of all the most interesting things that happened in Ms. Griffin’s book—consulted a few other authorities—and then tried to work every one of these ideas into the plot of Sister Maus—from Sister Elisabeth Oesterlein’s walking journey from Bethlehem, Pennsylvania, to Salem, to sewing lessons and glove making. I did similar things with cookies, the Boys School and Moravian Christmas traditions in Christmas Maus. For Easter Maus, I worked with Salem pottery, Moravian Easter traditions and Brother Peter Oliver, an African-American potter who lived in Salem and Bethabara. All the historical features of the stories are described in detail on the final page of each book in the Author’s Notes section. DID YOU SAY THAT THE PICTURES ARE ALSO HISTORICAL? Yes, very much so—as much as the stories. I think it’s very important when doing a picture book to make things as accurate as possible, and I use all sorts of different historical sources for all of my illustrations. For Sister Maus, I crawled all around Sisters House with my camera—getting a ‘mouse-eye’ view—in order to take reference photos of parts of the buildings for my watercolors. The front door, front hall and back stair scenes in that book are based directly on those photos. The furniture and other objects seen in the book—tables, pin cushions, samplers—were based on photos of objects in the Old Salem Collection, where the curators were kind enough to show me many things that were either known to have been used in Sisters House or could have been. Not that I didn’t make some mistakes! The spiral stair in the front hall in my drawing in Sister Maus is the wrong color—green instead of brown. I made my watercolor before the renovation of the building was finished, and used the color scheme of a similar staircase in the Boys School. Green woodwork was authentically Moravian—just not authentic for Sisters House. I fixed the color of the stair in Christmas Maus. WERE THE PICTURES IN CHRISTMAS MAUS AND EASTER MAUS ALSO HISTORICAL, THEN? That was certainly my goal. Most of the details in Christmas Maus were based on old prints, and photos of Christmas Lovefeasts. I referenced an excellent book on Moravian Christmas traditions, written by Nancy Smith Thomas and published by Old Salem. Johanna Brown C’08, curator of the Old Salem Collection and a Salem alumna, was kind enough to show me actual examples of Salem pottery—and also lend me photos—when I was planning Easter Maus.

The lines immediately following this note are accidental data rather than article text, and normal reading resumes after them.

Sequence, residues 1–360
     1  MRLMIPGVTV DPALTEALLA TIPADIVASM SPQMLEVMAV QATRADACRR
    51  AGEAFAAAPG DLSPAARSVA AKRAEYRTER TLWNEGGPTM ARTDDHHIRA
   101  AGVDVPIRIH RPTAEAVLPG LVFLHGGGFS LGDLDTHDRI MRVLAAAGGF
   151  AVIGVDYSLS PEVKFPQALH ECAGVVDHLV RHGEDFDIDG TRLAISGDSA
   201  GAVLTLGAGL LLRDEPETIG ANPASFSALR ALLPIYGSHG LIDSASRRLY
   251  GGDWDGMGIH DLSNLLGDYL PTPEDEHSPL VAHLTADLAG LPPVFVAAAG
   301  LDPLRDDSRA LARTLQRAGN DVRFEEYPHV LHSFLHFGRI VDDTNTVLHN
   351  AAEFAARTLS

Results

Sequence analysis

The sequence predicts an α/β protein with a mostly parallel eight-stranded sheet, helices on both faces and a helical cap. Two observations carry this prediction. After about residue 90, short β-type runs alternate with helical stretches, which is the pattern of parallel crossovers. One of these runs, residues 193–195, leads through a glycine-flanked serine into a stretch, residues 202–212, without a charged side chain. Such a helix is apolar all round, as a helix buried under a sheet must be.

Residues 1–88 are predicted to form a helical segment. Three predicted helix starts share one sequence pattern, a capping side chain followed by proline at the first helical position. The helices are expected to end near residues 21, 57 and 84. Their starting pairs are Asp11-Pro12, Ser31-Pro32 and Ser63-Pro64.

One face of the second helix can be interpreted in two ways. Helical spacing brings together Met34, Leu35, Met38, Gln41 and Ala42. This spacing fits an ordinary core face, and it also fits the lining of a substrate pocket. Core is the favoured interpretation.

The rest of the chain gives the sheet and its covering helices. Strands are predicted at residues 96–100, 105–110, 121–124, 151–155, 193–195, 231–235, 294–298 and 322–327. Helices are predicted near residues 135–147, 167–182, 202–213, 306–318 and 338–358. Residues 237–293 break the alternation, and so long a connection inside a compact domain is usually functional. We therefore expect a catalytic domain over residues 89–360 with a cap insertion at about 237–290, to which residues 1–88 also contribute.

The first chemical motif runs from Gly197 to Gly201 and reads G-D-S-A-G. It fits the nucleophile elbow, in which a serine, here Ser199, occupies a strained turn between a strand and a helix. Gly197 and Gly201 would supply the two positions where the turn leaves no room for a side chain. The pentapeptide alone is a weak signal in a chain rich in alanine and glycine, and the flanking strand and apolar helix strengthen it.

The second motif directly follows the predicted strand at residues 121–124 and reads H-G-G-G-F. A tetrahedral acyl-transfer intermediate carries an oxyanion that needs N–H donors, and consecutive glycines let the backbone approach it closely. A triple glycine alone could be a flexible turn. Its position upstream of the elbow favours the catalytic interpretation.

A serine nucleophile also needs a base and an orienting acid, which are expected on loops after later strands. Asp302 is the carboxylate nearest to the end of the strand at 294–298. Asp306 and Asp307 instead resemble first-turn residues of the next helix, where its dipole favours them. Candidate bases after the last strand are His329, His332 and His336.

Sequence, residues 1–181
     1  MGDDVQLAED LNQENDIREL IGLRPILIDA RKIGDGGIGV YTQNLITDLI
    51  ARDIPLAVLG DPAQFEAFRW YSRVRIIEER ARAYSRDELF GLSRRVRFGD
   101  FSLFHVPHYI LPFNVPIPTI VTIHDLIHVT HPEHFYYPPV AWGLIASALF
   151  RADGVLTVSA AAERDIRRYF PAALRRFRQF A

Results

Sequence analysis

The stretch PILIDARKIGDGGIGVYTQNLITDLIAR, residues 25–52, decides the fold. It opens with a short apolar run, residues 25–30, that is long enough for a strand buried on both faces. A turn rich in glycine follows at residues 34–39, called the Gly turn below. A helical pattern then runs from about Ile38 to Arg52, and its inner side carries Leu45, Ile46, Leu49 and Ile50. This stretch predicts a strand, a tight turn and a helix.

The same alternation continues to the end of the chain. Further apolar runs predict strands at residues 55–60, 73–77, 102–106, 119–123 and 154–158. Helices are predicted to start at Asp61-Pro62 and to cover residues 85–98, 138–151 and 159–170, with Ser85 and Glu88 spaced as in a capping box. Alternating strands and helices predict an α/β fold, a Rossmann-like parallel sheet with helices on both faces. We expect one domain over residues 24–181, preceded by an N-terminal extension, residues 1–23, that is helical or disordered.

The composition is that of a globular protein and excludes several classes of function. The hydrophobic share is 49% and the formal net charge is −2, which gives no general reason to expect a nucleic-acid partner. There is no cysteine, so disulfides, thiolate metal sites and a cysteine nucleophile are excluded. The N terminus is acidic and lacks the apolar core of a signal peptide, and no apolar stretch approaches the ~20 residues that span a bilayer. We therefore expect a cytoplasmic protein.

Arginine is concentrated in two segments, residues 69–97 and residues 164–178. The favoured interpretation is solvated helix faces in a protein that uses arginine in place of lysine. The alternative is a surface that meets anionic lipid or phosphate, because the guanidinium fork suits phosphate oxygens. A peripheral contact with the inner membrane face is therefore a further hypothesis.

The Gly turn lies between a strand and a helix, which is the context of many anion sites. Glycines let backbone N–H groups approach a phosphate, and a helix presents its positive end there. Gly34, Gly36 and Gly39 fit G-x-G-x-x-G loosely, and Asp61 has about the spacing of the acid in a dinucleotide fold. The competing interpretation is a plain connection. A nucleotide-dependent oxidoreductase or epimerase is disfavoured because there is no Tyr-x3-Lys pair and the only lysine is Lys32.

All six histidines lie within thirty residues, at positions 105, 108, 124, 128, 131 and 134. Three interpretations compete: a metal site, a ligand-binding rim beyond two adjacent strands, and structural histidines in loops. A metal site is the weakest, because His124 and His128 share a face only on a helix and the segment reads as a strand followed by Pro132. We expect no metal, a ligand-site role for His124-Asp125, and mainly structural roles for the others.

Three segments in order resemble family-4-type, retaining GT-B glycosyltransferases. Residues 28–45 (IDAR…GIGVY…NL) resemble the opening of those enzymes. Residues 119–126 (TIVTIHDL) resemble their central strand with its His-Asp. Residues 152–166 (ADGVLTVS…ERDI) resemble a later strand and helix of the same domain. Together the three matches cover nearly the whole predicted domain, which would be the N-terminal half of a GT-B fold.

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DO YOU HAVE ANY FAVORITE PICTURES IN YOUR THREE BOOKS? What a question! That’s like asking which of my children—I have three—I like best! I think if I have to pick any, I’d pick the three ‘doll house’ pictures in the books. These are pictures that show rooms inside the buildings. Many children have told me they like them best because there are so many interesting things at which to look. The three are: the cross-section of Sisters House in Sister Maus, where the mice are singing, eating, reading and going to sleep up in the attic near the date stone; the Boys School picture in Christmas Maus where Sister Maus is meeting Brother Maus’ friends; and the barn scene in Easter Maus where the country mice are greeting Sister and Brother Maus and starting to color Easter eggs. I also really like the Lovefeast double page picture in Christmas Maus and the sunrise service in Easter Maus. WHO IS THE AUDIENCE FOR YOUR BOOKS? Young children are the natural audience for any picture book. But I like to think that a beautifully designed, illustrated book with an interesting story can attract people of any age. Eighty-year-old alumnae tell me how much they like the pictures and stories; sixty-year-olds tell me they put them on their coffee tables; forty-year-olds say they buy them for themselves, maybe their grand-children, someday; even my eighteen- to twenty-year-old students like them and three- or four-year-olds sometimes insist on reading them every night. They really can be for anyone. Even Salem sons can like them! After having had several small boys ask me “where is Brother Maus?” during readings of Sister Maus, I made sure to include boy mice in each of the following books. DO YOUR SISTER MAUS BOOKS HAVE ANYTHING TO DO WITH WHAT YOU DO AS A FACULTY MEMBER AT SALEM? I teach a children’s book illustration course every third year in January term, and I always share my experiences with the Sister Maus books, as well as other illustration projects, with those students. As an art history professor at Salem, I strongly believe in combining those two fields, art and history, wherever possible. Historical book illustration gives me another way to pursue these dual interests. I often encourage my art history students to use their research to produce creative projects and recommend as an option that they try to design picture book